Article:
Last year, the release of The Witcher 3: Wild Hunt had a massive impact on the industry. Not only did it win countless Game of the Year awards, it also set a new precedent for all open-world RPGs to come. While reviewing, I already felt strongly that my expectations for the genre would change significantly, but it wasn’t until I tried to play another RPG juggernaut later that year that I realised what a profound effect Geralt’s final adventure had on me. If it were developed by anyone else, I would not have been surprised had they wiped hands clean in the hopes of getting a sequel out as quickly as possible, but that is not CD Project RED’s way. Since launch, there have been 16 pieces of free DLC, 21 patches and two expansions—the last of which just launched, and is so massive it could be justified as its own game.
There are few things that turn me off more than the idea returning to a huge game only to tack on an hour or two of familiar content; I personally find the re-entry process awkward as hell and the returns unfulfilling. Fortunately, this is not the case with the expansions for The Witcher 3. The first expansion, Hearts of Stone, was thoroughly excellent, clocking in at around 10 hours of gameplay to deliver a standalone narrative of the highest quality. While it did tread a lot of familiar ground, the story alone more than justified a return to the Northern Kingdoms while also serving as a reminder of how incredible the writing in this series is. Blood and Wine, on the other hand, steps beyond expectations to take Geralt somewhere entirely new and into the heart of the Nilfgaardian empire, to a little duchy called Toussaint.
Unlike the tattered and disconcerting condition of the Northern Kingdoms, Toussaint is a mostly peaceful country that has no military and whose knights live by the virtues of honour, wisdom, generosity, valour, and compassion. Ruled by the Duchess Anna Henrietta, it is a land that is renowned for both its wine and culture, and is something quite different from what fans of the Witcher have come to expect from the series. Naturally, though, trouble is afoot, and so Geralt is summoned personally by the Duchess herself to investigate a series bloody murders. Just like Hearts of Stone, the expansion can be played separately from the core game and doesn’t require any prior knowledge of the main storyline to be enjoyed. It is also a much larger with over 90 quests, a new set of Gwent cards, and quite a few improvements.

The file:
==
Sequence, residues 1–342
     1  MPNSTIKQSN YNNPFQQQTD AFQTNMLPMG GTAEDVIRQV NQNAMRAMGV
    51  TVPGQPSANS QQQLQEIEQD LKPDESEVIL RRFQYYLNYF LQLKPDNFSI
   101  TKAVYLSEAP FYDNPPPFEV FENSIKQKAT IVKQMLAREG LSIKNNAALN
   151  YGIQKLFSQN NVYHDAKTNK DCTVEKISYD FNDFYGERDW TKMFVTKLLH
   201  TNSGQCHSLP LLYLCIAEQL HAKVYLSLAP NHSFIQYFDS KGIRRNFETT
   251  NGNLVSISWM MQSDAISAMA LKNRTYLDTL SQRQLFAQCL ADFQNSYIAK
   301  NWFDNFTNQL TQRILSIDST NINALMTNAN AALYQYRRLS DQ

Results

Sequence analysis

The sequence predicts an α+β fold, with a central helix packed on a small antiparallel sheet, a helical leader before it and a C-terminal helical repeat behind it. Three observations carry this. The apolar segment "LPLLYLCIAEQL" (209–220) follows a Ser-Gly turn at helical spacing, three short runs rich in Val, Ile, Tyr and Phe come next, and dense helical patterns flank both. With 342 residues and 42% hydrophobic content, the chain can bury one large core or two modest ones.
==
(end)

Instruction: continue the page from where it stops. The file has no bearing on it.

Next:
While it’s true that the patch (v1.21) released just prior to the expansion applies to the entire game, the improvements to the inventory system alone have such a positive impact on the experience that playing Blood and Wine almost feels like an entirely new game at times. Although, in saying that, there are plenty of new components that were added just for this expansion; a new type of alchemy, additions to the mutations system, lots of new weapons and armour, more Gwent cards, and, most notably, a place that Geralt can finally call his own, the vineyard, Corvo Bianco. Don’t get me wrong, I had fun dabbling in all the other additions, and I hardly need an incentive to play more Gwent, but I felt at this point in the story that providing Geralt with a home to return to, one you can upgrade and personalise, fits so perfectly.
Every time I return to this series, I am continuously blown away by the writing quality (especially when it comes to the depth of the side quests). The main storyline, to no surprise, embraces many of the tried and true tropes found in all good murder mysteries, although this distinctly sets itself apart due to the setting and tone of the Witcher universe. I’ll admit I’m not the biggest lover of vampires, but Blood and Wine takes no time at all to suck you into the mystery with its compelling cast of characters, unique missions and excellent dialogue. It’s an intelligent affair filled with intrigue and subterfuge rather than the melodrama seen in your typical vampire romp. I was also surprised by the direction overall as the plot delves into some interesting territories, not to mention some of the most memorable moments of the saga.
Simply put, Blood and Wine is a testament to how all modern game expansions should be, offering an experience so vast and varied that it could easily be justified as a standalone game. From the start, CD Projekt RED were up front about their plans for downloadable content, and there is no doubt that they delivered on all their promises while also working painstakingly for the past year to improve the core experience for everyone. Apart from the combat, which remains a little clunky and simplistic, almost everything else about the game has improved. Blood and Wine is just the cherry on top to wrap up what is unmistakably one of the best RPG franchises to grace gaming. I couldn’t imagine a more fitting ending for the series and make no reservations in recommending it to anyone who enjoyed The Witcher 3.